We do declare: It's July Fourth

July 4, 2014 

Now, unlike a lot of documents that people say are not very good because they're written by committee, this one turned out pretty well. Of course, the head of this committee of five, the principal author, was a fellow by the name of Thomas Jefferson, who'd one day be the president of the new country that issued his Declaration of Independence.

The Second Continental Congress actually approved the resolution of independence from Great Britain on July 2, but after a few changes, the great document of America's birth was approved on the 4th. Hence, today's the day that Americans will join in parades, in cookouts, in song, in reunion and in happiness to celebrate this enduring land of freedom.

First, a couple of interesting things about the Declaration and this day. Thomas Jefferson would die on July 4, 1826, 50 years to the day after the country officially declared its independence. And John Adams died on that date as well. They were the only signers of the Declaration who had become president. U.S. Sen. Jesse Helms and television's Charles Kuralt, two notable North Carolinians, also died on July 4.

Today, the red, white and blue will be flying in the country's smallest hamlets and largest cities, and parades will vary from a number of neighborhood marches in Raleigh, with bikes and even dogs adorned with the country's colors, to a family parade on a little road in Scotland County with a red truck, a Rambler station wagon and one mandolin player to big city showcases with more brass in the bands than buttons in a platoon of generals.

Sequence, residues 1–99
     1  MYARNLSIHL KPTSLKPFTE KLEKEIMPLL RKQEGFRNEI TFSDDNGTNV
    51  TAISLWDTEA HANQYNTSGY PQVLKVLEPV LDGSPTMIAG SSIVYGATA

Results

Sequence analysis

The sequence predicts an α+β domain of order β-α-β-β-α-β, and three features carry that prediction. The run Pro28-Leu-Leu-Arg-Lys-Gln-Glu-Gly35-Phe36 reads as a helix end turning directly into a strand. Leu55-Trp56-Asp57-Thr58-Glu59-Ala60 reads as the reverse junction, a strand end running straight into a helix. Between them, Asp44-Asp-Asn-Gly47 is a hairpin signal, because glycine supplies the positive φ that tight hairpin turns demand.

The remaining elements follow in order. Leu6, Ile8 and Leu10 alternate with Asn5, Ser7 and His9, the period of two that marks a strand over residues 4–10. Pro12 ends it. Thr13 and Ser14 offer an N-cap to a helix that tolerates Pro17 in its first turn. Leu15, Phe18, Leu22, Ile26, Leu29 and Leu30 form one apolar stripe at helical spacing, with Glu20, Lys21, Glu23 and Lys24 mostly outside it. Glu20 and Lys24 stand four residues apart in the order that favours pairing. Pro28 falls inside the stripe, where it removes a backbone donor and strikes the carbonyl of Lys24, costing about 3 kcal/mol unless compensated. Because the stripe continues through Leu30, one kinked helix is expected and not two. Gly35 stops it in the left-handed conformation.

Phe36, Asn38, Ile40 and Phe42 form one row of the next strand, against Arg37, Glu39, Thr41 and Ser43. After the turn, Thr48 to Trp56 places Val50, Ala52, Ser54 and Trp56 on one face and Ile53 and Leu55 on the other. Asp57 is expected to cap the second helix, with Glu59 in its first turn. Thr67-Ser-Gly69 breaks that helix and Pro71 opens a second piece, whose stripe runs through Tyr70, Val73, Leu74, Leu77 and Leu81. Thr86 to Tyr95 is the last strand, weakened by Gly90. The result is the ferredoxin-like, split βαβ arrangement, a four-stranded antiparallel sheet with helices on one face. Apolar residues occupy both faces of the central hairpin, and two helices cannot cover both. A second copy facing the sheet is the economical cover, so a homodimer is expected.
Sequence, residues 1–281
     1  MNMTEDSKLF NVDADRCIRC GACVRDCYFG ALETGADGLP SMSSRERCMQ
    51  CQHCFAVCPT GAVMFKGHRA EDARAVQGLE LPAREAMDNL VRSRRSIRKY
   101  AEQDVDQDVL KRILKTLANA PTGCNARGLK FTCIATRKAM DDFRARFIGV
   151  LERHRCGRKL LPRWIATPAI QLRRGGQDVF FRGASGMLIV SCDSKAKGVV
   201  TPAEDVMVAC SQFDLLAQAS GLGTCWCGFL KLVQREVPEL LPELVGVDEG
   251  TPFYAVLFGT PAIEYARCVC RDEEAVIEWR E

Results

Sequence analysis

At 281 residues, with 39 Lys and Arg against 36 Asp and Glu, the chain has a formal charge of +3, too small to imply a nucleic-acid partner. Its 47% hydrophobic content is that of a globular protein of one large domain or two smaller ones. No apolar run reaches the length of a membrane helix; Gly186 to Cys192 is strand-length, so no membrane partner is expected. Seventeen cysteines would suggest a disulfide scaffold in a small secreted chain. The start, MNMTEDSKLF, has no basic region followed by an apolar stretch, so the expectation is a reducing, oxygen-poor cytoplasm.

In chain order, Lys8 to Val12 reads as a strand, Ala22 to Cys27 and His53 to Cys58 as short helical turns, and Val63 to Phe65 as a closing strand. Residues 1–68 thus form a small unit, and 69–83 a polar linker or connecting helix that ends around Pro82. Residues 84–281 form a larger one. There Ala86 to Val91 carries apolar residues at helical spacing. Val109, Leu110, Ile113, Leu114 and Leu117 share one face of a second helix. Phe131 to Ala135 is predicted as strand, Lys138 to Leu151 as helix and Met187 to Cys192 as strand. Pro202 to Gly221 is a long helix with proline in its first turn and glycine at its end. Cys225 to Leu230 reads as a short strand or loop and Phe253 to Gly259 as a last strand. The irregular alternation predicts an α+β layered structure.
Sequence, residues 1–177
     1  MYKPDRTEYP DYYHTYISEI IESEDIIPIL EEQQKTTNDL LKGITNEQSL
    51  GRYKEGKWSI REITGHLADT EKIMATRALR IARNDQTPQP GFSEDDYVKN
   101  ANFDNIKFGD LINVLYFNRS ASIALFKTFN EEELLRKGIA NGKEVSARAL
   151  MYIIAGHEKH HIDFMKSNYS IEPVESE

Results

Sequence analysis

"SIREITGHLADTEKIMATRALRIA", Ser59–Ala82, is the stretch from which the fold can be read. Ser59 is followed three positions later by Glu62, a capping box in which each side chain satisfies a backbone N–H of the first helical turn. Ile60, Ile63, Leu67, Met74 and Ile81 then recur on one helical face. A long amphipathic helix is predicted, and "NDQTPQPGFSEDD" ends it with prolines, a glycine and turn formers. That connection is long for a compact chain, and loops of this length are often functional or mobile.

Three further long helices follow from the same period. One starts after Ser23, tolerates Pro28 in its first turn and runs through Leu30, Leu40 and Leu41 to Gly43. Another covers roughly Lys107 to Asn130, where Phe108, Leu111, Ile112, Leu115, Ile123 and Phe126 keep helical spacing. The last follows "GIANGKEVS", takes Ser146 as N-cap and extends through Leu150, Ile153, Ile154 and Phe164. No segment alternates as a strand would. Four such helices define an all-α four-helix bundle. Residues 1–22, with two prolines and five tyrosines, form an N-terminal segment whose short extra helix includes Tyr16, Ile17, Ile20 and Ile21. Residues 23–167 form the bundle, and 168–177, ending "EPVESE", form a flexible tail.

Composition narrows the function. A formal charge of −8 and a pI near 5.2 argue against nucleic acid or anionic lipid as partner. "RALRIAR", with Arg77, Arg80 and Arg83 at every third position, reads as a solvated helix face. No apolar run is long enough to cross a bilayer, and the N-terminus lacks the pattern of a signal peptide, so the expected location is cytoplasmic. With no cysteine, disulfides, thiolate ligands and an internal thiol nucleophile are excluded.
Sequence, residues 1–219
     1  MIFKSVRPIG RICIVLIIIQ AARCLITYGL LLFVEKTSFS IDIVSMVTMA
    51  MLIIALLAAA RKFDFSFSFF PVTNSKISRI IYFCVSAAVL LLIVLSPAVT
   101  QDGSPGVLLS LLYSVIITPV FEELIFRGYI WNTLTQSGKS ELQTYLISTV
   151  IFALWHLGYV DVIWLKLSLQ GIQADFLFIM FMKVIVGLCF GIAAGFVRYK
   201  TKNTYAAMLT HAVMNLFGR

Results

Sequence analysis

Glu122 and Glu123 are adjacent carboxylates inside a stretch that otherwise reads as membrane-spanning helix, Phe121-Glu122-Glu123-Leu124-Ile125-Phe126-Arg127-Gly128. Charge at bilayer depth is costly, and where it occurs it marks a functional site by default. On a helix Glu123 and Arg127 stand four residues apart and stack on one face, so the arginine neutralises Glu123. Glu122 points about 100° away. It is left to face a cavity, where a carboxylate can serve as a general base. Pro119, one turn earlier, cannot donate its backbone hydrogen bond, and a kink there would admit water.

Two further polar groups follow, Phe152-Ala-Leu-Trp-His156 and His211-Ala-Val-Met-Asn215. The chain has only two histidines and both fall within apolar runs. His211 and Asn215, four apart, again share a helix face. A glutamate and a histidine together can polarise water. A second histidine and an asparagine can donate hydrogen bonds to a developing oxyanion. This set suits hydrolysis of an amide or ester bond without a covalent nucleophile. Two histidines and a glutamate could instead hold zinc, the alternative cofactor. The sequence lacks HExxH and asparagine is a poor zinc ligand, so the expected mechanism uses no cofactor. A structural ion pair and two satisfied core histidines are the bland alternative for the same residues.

Yes, we Americans like to do right when our country has a birthday.

We do, as well, think it important to take a moment today to consider those men and women who since 1776 have had to put on this country's uniform to protect what those in the Second Continental Congress believed so important - namely, freedom. And, yes, we should think as well about how the country they formed once tore itself in half for a time in the process of that freedom being won for all. But the country miraculously survived.

For the youngsters among us, it's also good to sit 'round those roasting hotdogs and explain just how brave those first patriots were. Now we take for granted the right to assemble, to protest, to criticize those who govern us, to march in the streets if the spirit moves us. But in 1776, the men who would become our nation's first leaders, Jefferson and Washington and Adams and Franklin and Monroe, might well have been executed for what they were about.

Just think: Without those freedoms of speech and religion and press that our forefathers won and designed, America wouldn't really be America. There never would have been civil rights and women's rights and rights for the disabled that we have now. We would be a different country, if a country at all.

Let us consider all that when we light the fireworks. And let us consider as well that the dreams of those ancestors of ours have not yet been realized for all. All Americans must continue to help ... all Americans, particularly those who are this day poor and struggling and unable to realize that which we call the "American dream."

So light the 'works. Fly the flag. Sing "America the Beautiful" and "It's a Grand Old Flag" and, whether you can manage the high notes or not, "The Star Spangled Banner."

Wish you were here, Mr. Jefferson and Mr. Adams and Gen. Washington. Yes, indeed. Wish you were here. And we're glad you were.

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